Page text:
With the exception of Scott, the overall play of this unit was just slightly above average. David Harris looked better than he has in recent weeks, but he is far from being the dominant force on the inside that the Jets were hoping he’d become. He did a much better job of taking on lead blockers, with the correct shoulder, either forcing run plays into his help, or allowing him to make the plays himself.

DeMario Davis was used a bit more as an edge rusher last week, where he seemed quite comfortable. On one particular play early in the game, Davis came off the edge with great closing speed, and should have had a sack on Wilson, who was forced out of the pocket on the play, but was held by Seattle’s Right Tackle, without a call from the official staring directly at the line of scrimmage. Davis, unfortunately, did have more lapses in coverage last week, however, and seemed to be caught out of position on some run plays. One play that stood out was an edge run to his side, in which Calvin Pace spilled the lead blocker to force the back to the edge, assuming he’d have the help of Davis to make the play, but the rookie linebacker was nowhere to be found, turning what should have been a 1-2 yard gain into about an 8 yard gain. Physically, Davis is proving to be quite substantial, but mentally, he still has lightyears to go.

Marcus Dowtin and Ricky Sapp flashed some of their athleticism and potential, however, there has yet to be a large enough sample of their play to give a fair evaluation at this point. Sapp did make an inexperienced move, however, on Marshawn Lynch’s fumble that, if recovered, would have given the Jets the ball inside the Seattle 10 yard line. Sapp had a clear chance to simply fall on the ball and secure it for New York, but he instead tried to pick it up with a clear path to the endzone, causing him to take his eyes off of it, thus allowing Seattle to pounce on the ball and maintain posession. Hard to fault a guy just signed from the practice squad for wanting to make a game changing play, but fundamentally, this was a major lapse. To use Tannenbaum’s company line, a recovered fumble there may have changed the complexion of the game. Who knows?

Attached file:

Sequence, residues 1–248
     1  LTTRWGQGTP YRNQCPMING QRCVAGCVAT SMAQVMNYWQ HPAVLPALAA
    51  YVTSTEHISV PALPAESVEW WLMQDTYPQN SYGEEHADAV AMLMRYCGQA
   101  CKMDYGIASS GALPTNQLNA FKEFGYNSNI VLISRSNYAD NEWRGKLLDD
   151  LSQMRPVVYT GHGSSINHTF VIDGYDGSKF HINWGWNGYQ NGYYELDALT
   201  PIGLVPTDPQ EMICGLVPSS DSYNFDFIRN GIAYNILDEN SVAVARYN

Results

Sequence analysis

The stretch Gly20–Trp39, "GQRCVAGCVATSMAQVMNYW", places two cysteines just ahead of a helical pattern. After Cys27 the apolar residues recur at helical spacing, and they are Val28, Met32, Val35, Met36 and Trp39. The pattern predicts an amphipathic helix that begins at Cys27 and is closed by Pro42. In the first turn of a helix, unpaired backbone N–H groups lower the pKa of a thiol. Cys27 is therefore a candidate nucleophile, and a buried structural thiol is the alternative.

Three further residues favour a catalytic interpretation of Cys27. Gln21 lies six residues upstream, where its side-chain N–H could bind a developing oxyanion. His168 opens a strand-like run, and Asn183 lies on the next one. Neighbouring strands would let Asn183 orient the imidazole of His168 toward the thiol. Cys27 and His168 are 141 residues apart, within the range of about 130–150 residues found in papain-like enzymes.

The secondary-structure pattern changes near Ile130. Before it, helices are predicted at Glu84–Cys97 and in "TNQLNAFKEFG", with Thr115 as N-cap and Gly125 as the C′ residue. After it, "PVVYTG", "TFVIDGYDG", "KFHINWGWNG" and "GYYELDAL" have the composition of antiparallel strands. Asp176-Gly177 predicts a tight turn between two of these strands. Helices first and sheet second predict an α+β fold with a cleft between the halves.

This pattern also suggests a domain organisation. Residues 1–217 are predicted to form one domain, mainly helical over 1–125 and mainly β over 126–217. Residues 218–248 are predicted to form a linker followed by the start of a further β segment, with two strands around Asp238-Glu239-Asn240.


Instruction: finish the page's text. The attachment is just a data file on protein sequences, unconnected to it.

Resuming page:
Secondary:

Kyle Wilson’s faults are magnified to their highest degree, and rightfully so. Wilson struggles tremendously in man coverage, and is notorious for the finger wag that has been highly documented here at TOJ. However, despite the Golden Tate touchdown on the first drive, Wilson responded rather well, with the exception of his ability to change direction. Wilson did a good job of covering the deep ball after Tate’s touchdown, but where he really struggles is on any type of hitch or comeback routes. His stop and go ability, and route recognition, is quite poor, something that can surely be taken advantage of.